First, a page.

(Inside Science) — While most people think of stage makeup as big eyelashes and pancake foundation, Shannon Higgins specializes in a different sort of entertainment wizardry. “I make little teardrop-shaped baggies of fake blood and hide them around the stage for different productions,” said Higgins, a hair, makeup and wardrobe supervisor at Steppenwolf Theater in Chicago. Actors then pocket the blood packets for use during the production.
In a recent show called The Doppleganger, actor Rainn Wilson wore a mechanized blood suit that squirted blood, and other actors had squeeze bottles full of blood. The stage, said Higgins, became a bloody mess.
There are lots of considerations when it comes to fake blood, which has come a long way since the days of chocolate syrup (used in Hitchhock’s Psycho) or the classic combo of corn syrup and red dye. For blood that’s in an actor’s mouth, some new formulations taste like mint and are safe for ingestion. Other blood is washable — something that matters a lot when a show is onstage for six to eight weeks, Higgins said.
One stage blood formula created by British company Pigs Might Fly South was used in the Harry Potter films. “It’s a good density,” for movie and television blood said Higgins, adding that theater sometimes requires special sleight of hand. She has to bend the rules of normal blood behavior a bit to account for stage lighting and people who may be seated in the back of the theater. Wounds that would gush out quickly have to be slowed down it order to make them more visible for the whole audience.
The audience view is also a major consideration for Anna Fleiner and Kelsey Boutte, who work on makeup and effects for the CBS show S.W.A.T. For gory crime scene inspiration, they scour the internet for photos of gore — and then they adjust for the camera. “Sometimes what may look really real actually looks differently on camera, because of high-def cameras,” said Boutte. “A red color that looks correct in person may be too bright on camera.”
Blood also changes characteristics depending on how new a wound is. Older blood is darker and more congealed than fresh blood, which is runnier and more flowing. There are many blood varieties on the market, Fleiner said — there are formulations of eye blood, mouth blood, lung blood, old dried blood, and even blood for different skin tones. “We can just buy whatever works well.”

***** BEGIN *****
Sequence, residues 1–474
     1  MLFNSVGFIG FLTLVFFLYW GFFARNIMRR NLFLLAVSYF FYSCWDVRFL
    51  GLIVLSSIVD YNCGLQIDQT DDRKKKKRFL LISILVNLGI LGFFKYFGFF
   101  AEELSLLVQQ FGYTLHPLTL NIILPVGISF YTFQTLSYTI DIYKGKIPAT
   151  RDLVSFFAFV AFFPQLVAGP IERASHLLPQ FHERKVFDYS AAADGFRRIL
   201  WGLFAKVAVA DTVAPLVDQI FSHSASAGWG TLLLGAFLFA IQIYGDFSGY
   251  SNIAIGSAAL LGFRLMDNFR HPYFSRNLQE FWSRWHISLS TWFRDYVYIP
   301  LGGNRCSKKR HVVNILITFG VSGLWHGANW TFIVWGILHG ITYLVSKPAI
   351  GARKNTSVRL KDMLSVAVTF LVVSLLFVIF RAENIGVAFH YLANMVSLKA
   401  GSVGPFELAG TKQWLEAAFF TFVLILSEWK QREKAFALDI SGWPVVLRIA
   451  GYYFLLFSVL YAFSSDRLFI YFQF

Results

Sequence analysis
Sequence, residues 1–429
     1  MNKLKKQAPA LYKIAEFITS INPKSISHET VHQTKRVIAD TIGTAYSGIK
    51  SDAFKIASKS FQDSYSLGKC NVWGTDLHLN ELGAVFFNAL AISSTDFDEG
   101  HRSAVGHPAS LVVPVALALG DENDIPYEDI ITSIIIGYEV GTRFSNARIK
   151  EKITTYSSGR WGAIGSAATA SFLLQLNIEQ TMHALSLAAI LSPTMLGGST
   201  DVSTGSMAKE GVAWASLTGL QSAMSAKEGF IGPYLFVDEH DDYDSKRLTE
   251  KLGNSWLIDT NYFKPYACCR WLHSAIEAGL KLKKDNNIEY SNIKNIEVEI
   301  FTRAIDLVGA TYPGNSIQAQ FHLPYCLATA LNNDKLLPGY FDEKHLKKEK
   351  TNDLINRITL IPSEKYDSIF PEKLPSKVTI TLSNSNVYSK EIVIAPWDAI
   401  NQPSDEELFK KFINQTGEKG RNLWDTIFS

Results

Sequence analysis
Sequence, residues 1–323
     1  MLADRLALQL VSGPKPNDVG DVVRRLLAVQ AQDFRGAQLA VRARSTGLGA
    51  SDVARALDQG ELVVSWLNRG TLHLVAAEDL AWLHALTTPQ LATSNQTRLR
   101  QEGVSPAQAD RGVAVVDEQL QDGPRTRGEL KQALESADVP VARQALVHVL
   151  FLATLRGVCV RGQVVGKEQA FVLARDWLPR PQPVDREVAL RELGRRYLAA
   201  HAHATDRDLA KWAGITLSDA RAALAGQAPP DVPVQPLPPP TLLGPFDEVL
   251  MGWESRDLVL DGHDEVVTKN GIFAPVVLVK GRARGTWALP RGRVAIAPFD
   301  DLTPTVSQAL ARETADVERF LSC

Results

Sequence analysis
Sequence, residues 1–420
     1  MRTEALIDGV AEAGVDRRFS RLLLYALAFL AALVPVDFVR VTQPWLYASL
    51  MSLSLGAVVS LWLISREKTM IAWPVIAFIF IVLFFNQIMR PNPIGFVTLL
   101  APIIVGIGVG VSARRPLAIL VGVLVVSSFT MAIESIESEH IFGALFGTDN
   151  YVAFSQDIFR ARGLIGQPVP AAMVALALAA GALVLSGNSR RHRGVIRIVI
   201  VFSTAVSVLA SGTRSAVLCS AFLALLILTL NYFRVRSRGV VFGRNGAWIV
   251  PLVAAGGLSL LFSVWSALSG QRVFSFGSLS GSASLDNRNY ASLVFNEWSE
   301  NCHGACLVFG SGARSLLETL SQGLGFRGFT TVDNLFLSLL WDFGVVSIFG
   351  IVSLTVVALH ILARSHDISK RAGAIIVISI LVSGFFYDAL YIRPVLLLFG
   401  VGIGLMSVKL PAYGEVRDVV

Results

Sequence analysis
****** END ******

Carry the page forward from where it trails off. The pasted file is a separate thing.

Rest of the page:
For those looking to create blood at home rather than buy it, there are some tricks to the process. A simple starting goo could be a mix of chocolate syrup, peanut butter and red food coloring — a sticky, less drippy formula good for something like a zombie costume. The Kennedy Center has recipes for blood based on soap and corn syrup, as well as gels that can mimic organs.
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Blood looks red, but it’s actually a reddish brown, because of an iron molecule bound to it, said Jennifer Fishovitz, a chemistry professor at St. Mary’s College in Notre Dame, Indiana. “So red food coloring on its own is not the best; you’d need to add a green to make it a little more brown — or use chocolate syrup to achieve a viscosity closer to blood.”
Fishovitz leads students through a fake crime scene every semester. While she has never used fake blood, she instead puts hemoglobin, one of the proteins found in blood, into water for her students to test.
Jennifer Schwartz Poehlmann, a chemistry lecturer at Stanford University in California, uses a different trick in her chemistry classes. She teaches her students how a classic reaction — mixing ferric chloride with potassium thiocyanate to make iron thiocyanate — can create the illusion of a fresh, bleeding cut.
You begin by coating an area of skin with the clear potassium thiocyanate solution. Then, dip a butter knife blade (or fake knife) in the ferric chloride solution and gently draw across the skin with the dampened blade. A deep, red liquid resembling blood appears where the two solutions mix. Leaving the skin damp after the first application produces a dripping blood effect, although the color from the reaction will still appear even if you let the area dry.
“The coordinated iron compound gives a deep red color that nearly perfectly mimics blood,” Poehlmann said. “It’s slightly different from the heme iron in our blood but similar concept.”
So, from professional theaters to chemistry labs filled with budding scientists, there will be no shortage of stages on which fake blood can impress this Halloween.
Inside Science News Service is supported by the American Institute of Physics. Charles Q. Choi is a freelance science writer based in New York City who has written for The New York Times, Scientific American, Wired, Science, Nature, and many other news outlets.